Règle correspondante
Practice Relating to Rule 100. Fair Trial Guarantees
Section J. Compelling accused persons to testify against themselves or to confess guilt
Canada’s LOAC Manual (1999) provides: “No force of any kind may be imposed upon a PW [prisoner of war] to cause the PW to plead guilty.” 
Canada, The Law of Armed Conflict at the Operational and Tactical Level, Office of the Judge Advocate General, 1999, p. 10-7, § 76.
It further states that in cases of non-international armed conflicts: “Accused persons shall not be compelled to testify against themselves or to confess their guilt.” 
Canada, The Law of Armed Conflict at the Operational and Tactical Level, Office of the Judge Advocate General, 1999, p. 17-3, § 29(f).
Canada’s LOAC Manual (2001) states in its chapter on the treatment of prisoners of war (PWs):
No PW may be tried or punished for any offence, which was not, at the time of its commission, forbidden by International Law or the law of the Detaining Power. No force of any kind may be imposed upon a PW to cause the PW to plead guilty. 
Canada, The Law of Armed Conflict at the Operational and Tactical Levels, Office of the Judge Advocate General, 13 August 2001, § 1040.2.
In its chapter on non-international armed conflicts, the manual states: “As a minimum, accused persons: … f. shall not be compelled to testify against themselves or to confess their guilt”. 
Canada, The Law of Armed Conflict at the Operational and Tactical Levels, Office of the Judge Advocate General, 13 August 2001, § 1716.2.f.
In the Lia case before a Canadian Federal Court in 2004, Justice Andrew MacKay held:
I agree … that evidence obtained by torture, or other means precluded by the International Convention against Torture and other Cruel, Inhuman and Degrading Treatment or Punishment, ought not to be relied upon by a panel considering a refugee application. 
Canada, Federal Court, Lia case, Reasons for Order, 3 February 2004, § 24.
The Federal Court of Appeal in 2005 held that “[s]tatements obtained by torture or other cruel, inhumane or degrading treatment or punishment are neither credible or trustworthy”. 
Canada, Federal Court of Appeal, Lia case, Judgment, 11 April 2005, § 95.
In 2004, in Application under s. 83.28 of the Criminal Code (Re), the Supreme Court of Canada noted:
70. This Court has recognized that the right against self-incrimination is a principle of fundamental justice: S. (R.J.), supra, at para. 95; Branch, supra; R. v. Jarvis, [2002] 3 S.C.R. 757, 2002 SCC 73. In Jarvis, at para. 67, the right against self-incrimination was described as “an elemental canon of the Canadian criminal justice system”. It has further been recognized in relation to the principle of individual sovereignty and as an assertion of human freedom: S. (R.J.), supra, at para. 81; R. v. Jones, [1994] 2 S.C.R. 229, at pp. 248-49; and R. v. White, [1999] 2 S.C.R. 417, at para. 43. Having recognized the centrality of the principle in Canadian law, this Court’s jurisprudence has further articulated general principles regarding the relationship of self-incrimination to criminal law more broadly. To this end, testimonial compulsion has been invariably linked with evidentiary immunity. Beginning in S. (R.J.), supra, and continuing in Branch, supra, Phillips, supra, and Jarvis, supra, the more recent jurisprudence of our Court on self-incrimination developed such that three procedural safeguards emerged: use immunity, derivative use immunity, and constitutional exemption.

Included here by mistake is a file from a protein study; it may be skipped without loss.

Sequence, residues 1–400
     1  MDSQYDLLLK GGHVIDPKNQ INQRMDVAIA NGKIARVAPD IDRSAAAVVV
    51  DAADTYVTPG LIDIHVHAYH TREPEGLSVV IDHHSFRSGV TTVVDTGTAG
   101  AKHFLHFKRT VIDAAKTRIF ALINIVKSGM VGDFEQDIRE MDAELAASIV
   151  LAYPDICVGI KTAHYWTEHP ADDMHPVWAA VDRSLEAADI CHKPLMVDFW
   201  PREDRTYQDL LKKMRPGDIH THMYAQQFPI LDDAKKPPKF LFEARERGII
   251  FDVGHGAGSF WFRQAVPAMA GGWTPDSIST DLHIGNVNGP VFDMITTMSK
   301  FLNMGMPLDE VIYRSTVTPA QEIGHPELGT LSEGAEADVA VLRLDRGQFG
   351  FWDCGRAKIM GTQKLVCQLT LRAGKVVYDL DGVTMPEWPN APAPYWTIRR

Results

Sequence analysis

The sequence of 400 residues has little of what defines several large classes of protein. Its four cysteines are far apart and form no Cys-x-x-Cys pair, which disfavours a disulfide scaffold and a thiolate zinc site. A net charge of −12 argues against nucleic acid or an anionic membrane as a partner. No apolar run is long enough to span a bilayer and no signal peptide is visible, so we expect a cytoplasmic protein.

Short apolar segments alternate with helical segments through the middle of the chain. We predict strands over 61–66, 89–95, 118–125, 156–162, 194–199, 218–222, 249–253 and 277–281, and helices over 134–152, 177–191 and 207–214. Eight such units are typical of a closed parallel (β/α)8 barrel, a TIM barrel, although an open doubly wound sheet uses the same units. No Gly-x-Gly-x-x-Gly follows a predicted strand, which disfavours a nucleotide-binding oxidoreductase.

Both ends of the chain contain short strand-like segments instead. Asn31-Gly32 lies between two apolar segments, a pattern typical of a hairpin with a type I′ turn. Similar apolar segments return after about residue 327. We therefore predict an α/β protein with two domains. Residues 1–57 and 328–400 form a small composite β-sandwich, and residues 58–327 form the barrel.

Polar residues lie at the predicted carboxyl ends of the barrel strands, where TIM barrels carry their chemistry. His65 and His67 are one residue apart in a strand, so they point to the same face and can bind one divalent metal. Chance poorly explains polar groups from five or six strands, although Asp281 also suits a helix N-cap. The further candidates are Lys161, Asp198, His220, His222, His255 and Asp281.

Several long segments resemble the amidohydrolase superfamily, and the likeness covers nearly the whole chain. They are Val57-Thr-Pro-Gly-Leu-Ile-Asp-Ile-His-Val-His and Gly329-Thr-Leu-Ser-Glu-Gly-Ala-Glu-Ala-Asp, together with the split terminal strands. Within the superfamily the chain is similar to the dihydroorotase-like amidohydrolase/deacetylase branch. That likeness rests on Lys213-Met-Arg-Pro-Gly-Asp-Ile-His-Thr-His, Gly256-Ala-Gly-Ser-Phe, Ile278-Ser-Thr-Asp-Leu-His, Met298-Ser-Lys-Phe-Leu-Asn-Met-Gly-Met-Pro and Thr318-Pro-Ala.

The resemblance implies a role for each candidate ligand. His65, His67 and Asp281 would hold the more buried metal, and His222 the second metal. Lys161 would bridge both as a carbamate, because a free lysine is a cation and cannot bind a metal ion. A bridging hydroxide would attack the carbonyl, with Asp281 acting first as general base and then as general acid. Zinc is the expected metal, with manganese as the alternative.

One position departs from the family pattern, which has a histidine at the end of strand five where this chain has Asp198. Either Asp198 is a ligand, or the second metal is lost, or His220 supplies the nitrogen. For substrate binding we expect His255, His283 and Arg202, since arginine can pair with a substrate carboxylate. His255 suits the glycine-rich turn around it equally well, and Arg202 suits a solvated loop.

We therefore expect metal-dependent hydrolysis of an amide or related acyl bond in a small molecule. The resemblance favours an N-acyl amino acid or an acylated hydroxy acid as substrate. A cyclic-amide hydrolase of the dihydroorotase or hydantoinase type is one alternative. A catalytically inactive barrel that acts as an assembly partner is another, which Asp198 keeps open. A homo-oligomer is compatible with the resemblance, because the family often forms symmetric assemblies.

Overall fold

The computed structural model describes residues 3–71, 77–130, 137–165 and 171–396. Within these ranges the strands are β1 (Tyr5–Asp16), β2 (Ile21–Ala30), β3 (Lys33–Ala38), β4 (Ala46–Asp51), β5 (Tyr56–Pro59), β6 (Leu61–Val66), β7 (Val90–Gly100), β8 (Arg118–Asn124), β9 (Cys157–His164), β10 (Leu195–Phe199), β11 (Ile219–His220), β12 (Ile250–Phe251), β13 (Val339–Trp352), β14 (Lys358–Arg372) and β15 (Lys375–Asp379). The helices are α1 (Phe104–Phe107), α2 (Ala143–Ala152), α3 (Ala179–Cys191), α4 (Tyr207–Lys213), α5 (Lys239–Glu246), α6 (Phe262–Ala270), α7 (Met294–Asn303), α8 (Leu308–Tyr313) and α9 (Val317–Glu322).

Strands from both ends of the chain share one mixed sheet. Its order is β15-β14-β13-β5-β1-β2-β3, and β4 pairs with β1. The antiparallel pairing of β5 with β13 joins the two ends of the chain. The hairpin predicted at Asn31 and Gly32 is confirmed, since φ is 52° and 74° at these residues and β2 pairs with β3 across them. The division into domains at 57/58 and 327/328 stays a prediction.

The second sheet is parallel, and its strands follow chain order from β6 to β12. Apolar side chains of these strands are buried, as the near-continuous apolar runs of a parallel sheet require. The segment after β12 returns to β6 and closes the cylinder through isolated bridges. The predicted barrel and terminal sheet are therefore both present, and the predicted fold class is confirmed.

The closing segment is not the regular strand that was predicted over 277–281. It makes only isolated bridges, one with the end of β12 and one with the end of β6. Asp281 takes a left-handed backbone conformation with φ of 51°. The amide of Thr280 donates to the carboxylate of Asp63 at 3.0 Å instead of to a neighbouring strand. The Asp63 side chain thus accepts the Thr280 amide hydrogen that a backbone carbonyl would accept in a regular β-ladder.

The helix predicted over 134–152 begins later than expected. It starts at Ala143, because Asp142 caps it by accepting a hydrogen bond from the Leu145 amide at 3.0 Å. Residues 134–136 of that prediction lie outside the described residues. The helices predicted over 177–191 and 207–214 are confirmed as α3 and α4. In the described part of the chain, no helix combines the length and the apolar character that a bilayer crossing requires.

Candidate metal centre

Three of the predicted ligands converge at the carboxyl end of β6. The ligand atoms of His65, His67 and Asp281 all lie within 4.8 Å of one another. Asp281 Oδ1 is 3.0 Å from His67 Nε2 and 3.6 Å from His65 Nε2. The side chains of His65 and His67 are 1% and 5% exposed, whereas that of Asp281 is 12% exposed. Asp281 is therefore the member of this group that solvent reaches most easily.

71. Use immunity serves to protect the individual from having the compelled incriminating testimony used directly against him or her in a subsequent proceeding. The derivative use protection insulates the individual from having the compelled incriminating testimony used to obtain other evidence, unless that evidence is discoverable through alternative means. The constitutional exemption provides a form of complete immunity from testifying where proceedings are undertaken or predominately used to obtain evidence for the prosecution of the witness. Together these necessary safeguards provide the parameters within which self-incriminating testimony may be obtained. 
Canada, Supreme Court, Application under s. 83.28 of the Criminal Code (Re), Judgment, 23 June 2004, §§ 70–71.
[emphasis in original]
In 2005, in R. v. Turcotte, the Supreme Court of Canada noted:
41. Under the traditional common law rules, absent statutory compulsion, everyone has the right to be silent in the face of police questioning. This right to refuse to provide information or answer inquiries finds cogent and defining expression in Rothman v. The Queen, [1981] 1 S.C.R. 640, per Lamer J.: